Article by Kelly Luff - 21st August 2020

What To Do If You Get Declined For Credit

Lenders can decline credit applications for a host of reasons, regardless of your wealth or Credit Rating. Making matters worse, lenders often don’t tell you the exact reason behind the rejection. This means that even borrowers who would usually glide through applications with ease can find themselves stuck and confused when their application is declined.

If you’ve been unexpectedly declined, know that you’re not alone. Even those with ‘perfect’ Credit Scores aren’t completely safe from rejection. But the question remains: what should you do when your credit application has been turned down?

1. Don’t panic

The most important thing you can do when your credit application is refused is to stay calm. The outcome of your credit application will not be recorded on your Credit Report, so whether you’re accepted or declined will not affect your Credit Score.

That said, your creditworthiness can be damaged if you submit too many applications in a short period, making it increasingly difficult to be accepted.

Each application you make will be recorded on your Credit Report as a ‘credit application search’, showing which lender you’ve applied with and the date. Having an abundance of these applications is often seen as a sign of desperation – something prospective lenders will want to avoid in their customers. Keeping calm and controlling the urge to bombard lenders with applications can ensure that your creditworthiness is protected from unnecessary damage.

You may wish to submit another credit application after you are confident that you have followed the steps below.

2. Speak to the lender

If you ask the lender for a reason behind the rejection, it is likely that they will tell you to check your Credit Report, without offering any further information. While this is excellent advice, they can sometimes give even more specific insight to your application, but there is no guarantee of this. Still, there is absolutely no harm in checking with the lender directly as they may give you a helpful answer.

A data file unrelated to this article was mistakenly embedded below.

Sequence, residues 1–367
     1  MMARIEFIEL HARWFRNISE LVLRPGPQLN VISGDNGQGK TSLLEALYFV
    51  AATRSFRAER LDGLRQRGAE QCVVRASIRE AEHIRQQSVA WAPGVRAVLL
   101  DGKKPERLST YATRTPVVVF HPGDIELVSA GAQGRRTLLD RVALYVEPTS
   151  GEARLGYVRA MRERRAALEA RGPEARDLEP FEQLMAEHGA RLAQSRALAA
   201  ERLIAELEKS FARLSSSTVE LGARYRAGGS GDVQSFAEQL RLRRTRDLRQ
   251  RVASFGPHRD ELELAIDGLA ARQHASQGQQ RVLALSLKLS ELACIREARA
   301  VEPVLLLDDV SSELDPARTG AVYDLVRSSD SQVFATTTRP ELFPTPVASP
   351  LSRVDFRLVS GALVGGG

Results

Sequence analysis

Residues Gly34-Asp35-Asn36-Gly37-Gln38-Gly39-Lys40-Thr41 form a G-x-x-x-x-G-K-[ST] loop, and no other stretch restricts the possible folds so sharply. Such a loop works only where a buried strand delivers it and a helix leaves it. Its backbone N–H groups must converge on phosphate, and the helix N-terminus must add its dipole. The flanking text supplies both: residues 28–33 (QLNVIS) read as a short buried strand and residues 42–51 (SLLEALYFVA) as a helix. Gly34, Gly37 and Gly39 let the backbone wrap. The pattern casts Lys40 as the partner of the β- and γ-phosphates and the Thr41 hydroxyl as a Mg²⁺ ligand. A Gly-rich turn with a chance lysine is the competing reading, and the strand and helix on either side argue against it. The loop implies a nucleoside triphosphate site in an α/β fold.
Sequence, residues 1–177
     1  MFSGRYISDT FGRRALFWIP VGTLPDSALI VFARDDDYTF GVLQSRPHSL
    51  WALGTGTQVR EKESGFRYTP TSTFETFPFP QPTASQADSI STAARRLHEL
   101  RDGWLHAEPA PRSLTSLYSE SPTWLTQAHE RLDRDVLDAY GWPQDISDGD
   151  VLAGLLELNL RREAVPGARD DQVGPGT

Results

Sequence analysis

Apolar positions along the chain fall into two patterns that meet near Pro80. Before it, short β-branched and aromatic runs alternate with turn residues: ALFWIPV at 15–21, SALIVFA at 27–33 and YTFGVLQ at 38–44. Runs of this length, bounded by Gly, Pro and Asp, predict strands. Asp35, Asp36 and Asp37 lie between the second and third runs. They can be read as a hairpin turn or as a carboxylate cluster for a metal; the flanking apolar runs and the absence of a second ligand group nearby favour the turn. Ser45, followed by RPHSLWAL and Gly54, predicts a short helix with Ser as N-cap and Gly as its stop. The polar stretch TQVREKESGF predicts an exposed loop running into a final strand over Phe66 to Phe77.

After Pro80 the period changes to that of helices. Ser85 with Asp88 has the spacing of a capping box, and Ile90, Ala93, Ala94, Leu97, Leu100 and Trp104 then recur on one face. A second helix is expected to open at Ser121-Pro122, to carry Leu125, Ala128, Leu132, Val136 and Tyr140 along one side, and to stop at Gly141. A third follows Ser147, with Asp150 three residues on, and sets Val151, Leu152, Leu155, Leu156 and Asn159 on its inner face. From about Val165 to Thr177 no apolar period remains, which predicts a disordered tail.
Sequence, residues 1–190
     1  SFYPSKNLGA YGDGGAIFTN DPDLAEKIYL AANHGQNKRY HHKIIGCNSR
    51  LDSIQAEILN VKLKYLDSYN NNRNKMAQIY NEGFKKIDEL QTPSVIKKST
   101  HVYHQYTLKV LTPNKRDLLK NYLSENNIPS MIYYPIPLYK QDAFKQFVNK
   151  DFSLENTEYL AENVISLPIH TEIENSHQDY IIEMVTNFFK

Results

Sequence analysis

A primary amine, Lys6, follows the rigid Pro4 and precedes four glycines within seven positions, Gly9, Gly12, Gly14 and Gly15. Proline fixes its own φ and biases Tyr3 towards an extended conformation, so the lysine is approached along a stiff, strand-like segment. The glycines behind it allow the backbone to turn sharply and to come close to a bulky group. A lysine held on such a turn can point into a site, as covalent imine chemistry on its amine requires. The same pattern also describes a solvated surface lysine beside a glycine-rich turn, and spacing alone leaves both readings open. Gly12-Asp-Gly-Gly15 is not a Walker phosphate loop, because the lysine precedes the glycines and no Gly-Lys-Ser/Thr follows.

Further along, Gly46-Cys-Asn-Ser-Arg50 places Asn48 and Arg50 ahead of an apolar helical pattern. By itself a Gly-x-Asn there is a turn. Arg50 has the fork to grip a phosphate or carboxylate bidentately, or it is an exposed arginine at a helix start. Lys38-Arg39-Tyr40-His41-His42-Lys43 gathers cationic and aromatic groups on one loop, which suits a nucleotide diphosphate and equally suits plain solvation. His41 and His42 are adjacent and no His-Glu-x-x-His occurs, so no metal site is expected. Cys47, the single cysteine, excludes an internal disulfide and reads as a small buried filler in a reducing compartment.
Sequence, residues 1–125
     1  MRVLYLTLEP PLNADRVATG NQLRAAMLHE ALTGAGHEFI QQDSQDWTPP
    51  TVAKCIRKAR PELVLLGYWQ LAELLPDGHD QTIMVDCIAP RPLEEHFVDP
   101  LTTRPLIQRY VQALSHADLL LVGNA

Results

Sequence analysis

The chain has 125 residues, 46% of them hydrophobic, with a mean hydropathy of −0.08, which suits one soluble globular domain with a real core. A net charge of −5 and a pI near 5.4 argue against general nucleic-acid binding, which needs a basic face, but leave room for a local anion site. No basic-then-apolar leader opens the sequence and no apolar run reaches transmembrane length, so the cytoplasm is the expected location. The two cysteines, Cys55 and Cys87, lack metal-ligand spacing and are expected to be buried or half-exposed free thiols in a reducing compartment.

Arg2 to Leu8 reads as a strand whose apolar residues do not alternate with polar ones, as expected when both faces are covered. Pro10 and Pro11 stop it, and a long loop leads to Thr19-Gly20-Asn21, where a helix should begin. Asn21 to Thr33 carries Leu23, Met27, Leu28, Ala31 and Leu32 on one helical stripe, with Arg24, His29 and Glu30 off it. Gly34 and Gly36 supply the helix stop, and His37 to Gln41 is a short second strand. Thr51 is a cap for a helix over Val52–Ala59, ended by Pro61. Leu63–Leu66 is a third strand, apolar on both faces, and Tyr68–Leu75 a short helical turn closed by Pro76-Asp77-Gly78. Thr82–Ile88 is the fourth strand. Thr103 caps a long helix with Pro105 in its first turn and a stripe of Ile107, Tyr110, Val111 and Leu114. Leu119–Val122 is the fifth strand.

3. Re-check your application

It’s worth looking over the application form again. Was anything entered incorrectly? Did you miss some information that may have hurt your chances? Or conversely, did you exaggerate your salary or play down your current debt levels?

Application forms can be tedious at the best of times, but if you missed out a crucial section or entered a figure to the incorrect decimal place, you could find yourself being declined over human error. At this point, you may want to contact the lender directly to find out if there is any opportunity to have your application reassessed with the correct information.

4. Check the lending criteria

Once you’ve checked the application, also have a look at the criteria of lending. Whilst many lenders are fairly all-inclusive, you may see that there was a minimum salary requirement, or that only those with a certain level of employment would be accepted. You may wish to contact the lender directly to see if they can provide this for you.

If you are aware of any adverse Credit History on your Credit Report, such as defaults or arrears, you may find that mainstream lenders are more likely to decline you.

5. Check your Credit Report

If there is nothing wrong with your application and you had all the requirements needed to be accepted, the next thing to check is your Credit Report. Your Credit Report is a record of your credit agreements and how they have been managed. Lenders will assess your Credit Report whenever you make an application so they can try predicting how reliable you will be at repaying the balance each month.

Checking your Credit Report with all Credit Reference Agencies (CRAs) is best, as you can’t be sure which CRA was used to obtain your Credit Report. If there is a negative marker or an error on your Credit Report at one CRA, it won’t necessarily appear with the other CRAs.